needed by travellers who require extra oxygen, and others do not).

[19] The plaintiff will also contact her doctor to obtain a medical certificate known as
a MEDA („Medical Fitness for Air Travel‟) form which says that, in the doctor‟s
assessment, the plaintiff is safe to undertake the proposed flight(s). The MEDA form
also states that the plaintiff will either be able to take care of her own meals,
transfers, administering of medication and other needs in flight, or that she will be
accompanied by someone who can assist her with those needs. It is relevant to note
that, in the case of lung disease, the form has to be supplied by anyone whose
disease prevents them from walking 100 metres on the flat, or which has required
them to use extra oxygen at home or on previous flights.

[20] Although the need to obtain such a certificate puts the plaintiff to the
inconvenience of having to contact her doctor, and sometimes to a cost of around
$50.00 for an appointment with her doctor, she did not say that the requirement that
she must provide the certificate involves anything like unlawful discrimination against
her. It was accepted that the airline is entitled to an appropriate assurance that she
is fit to fly.

[21] The December 2003 version of the MEDA form contains the following
information to travellers:

             “The aircraft oxygen supplies are for emergency use only and not for
             planned use. However, oxygen is available for medical reasons with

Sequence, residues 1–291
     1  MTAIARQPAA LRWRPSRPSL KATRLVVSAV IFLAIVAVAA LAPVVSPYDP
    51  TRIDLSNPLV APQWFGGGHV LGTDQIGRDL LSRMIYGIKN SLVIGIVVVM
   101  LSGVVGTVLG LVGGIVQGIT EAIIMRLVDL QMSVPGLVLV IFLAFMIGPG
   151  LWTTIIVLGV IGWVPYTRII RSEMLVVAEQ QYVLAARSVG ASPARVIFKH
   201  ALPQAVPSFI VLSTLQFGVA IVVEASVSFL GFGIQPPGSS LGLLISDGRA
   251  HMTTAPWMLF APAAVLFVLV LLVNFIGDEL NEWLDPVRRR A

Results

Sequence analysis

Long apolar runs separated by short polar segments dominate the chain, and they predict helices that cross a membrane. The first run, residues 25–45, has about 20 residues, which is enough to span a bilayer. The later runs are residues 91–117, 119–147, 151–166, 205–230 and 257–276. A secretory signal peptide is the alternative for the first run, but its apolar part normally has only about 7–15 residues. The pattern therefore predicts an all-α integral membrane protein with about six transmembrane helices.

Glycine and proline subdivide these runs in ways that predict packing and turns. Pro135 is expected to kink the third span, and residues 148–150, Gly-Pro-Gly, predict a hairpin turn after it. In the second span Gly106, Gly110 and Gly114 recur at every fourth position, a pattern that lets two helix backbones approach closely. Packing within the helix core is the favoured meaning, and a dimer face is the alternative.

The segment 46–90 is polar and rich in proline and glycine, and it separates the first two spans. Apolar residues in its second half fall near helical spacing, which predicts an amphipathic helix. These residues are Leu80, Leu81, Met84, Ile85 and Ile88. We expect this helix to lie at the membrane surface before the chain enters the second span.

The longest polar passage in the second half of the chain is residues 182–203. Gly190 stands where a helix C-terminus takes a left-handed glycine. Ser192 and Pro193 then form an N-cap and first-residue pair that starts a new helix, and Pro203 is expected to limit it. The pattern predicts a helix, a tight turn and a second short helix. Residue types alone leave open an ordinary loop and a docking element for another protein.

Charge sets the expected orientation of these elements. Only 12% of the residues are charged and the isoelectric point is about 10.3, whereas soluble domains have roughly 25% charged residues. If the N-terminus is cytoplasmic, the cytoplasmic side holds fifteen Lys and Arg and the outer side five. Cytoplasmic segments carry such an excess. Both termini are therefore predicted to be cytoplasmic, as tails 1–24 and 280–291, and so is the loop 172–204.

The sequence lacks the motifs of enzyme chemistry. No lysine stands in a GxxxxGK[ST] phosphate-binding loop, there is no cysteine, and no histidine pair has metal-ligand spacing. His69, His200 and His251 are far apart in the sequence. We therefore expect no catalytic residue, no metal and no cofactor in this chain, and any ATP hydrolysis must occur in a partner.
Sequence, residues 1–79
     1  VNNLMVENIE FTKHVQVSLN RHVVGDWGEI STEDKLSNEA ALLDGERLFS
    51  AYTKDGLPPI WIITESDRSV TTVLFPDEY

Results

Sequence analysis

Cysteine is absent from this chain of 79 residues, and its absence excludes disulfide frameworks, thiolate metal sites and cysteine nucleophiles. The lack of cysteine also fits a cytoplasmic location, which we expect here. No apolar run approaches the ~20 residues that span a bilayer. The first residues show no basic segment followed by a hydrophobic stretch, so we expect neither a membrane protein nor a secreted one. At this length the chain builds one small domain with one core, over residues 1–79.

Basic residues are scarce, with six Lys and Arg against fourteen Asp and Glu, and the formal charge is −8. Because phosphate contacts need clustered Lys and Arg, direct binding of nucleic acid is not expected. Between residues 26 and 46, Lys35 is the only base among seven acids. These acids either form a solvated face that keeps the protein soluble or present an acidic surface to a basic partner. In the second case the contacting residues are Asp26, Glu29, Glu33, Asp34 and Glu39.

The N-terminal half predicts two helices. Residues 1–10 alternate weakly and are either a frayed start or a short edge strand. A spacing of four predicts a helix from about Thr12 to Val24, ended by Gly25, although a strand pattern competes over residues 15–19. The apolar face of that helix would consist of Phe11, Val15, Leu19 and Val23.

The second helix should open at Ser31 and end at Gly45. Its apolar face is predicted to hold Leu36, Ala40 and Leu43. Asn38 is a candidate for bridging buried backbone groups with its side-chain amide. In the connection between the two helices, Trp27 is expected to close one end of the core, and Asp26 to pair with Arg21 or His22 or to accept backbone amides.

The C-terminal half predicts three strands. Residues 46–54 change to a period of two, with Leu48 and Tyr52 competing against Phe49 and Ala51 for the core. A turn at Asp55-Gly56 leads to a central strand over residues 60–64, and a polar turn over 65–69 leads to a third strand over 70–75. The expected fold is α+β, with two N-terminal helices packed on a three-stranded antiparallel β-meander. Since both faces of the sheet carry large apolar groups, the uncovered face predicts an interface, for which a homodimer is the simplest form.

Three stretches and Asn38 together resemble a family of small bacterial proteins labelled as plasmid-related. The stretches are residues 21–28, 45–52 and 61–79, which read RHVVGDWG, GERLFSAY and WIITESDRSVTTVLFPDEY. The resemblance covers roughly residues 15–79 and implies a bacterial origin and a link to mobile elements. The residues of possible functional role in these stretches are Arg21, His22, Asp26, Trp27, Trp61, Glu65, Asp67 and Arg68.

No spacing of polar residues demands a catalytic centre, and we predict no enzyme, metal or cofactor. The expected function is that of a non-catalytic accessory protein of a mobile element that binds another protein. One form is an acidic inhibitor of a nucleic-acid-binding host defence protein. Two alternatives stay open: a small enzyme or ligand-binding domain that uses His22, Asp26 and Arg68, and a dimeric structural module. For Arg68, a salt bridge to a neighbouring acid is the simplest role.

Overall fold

adequate notice (usually four days). Where possible Air New Zealand
             will refer you to an authorised provider who can supply the required
             oxygen directly to you. You will be responsible for operating the
             equipment and following any safety instructions. Alternatively Air New
             Zealand may supply oxygen for some international journeys. Your
             doctor can advise you whether oxygen will be necessary in flight,….”

[22] We should make it clear that this decision concerns situations in which the need
for extra oxygen is understood before a flight is undertaken; it does not deal in any
way with issues related to the supply of extra oxygen in an emergency.

[23] As at the date of the hearing, there were two different regimes for the supply by
Air New Zealand of extra oxygen in fight. The first is associated with domestic travel,
i.e., where the flights are from and to destinations within New Zealand. In those
cases the airline does not supply the extra oxygen at all. For safety reasons,
however, the airline requires that the oxygen cylinder and the associated equipment
that will be used in flight must be obtained by the passenger from an approved
provider called BOC Gas Limited („BOC‟). Air New Zealand has an arrangement with
BOC to ensure that when BOC supplies a passenger with equipment the equipment
will meet relevant safety requirements.

[24] During argument at the hearing this arrangement was referred to as the „bring
your own‟ approach. That is because, although Air New Zealand requires that the
relevant safety standards must be met, ultimately it is the passenger who must
contact BOC, ensure that the equipment is available, and that what is provided is
capable of delivering oxygen at the particular rate required by the passenger in
question. The passenger must also uplift the equipment from BOC and return it to

BOC after travel. The passenger pays all of the costs involved direct to BOC. The
cost no doubt varies depending on what equipment is needed and how long it is
needed for, but in this case the plaintiff said that the extra costs she incurred in late
2002 included:

     [a]   A delivery fee for transport of the equipment to and from the plaintiff‟s
           home, if she or her partner are unable to go to the BOC depot to pick it up
           or drop it off – around $20.00 each way;

     [b]   A cost of $21.81 per gas bottle („size A‟);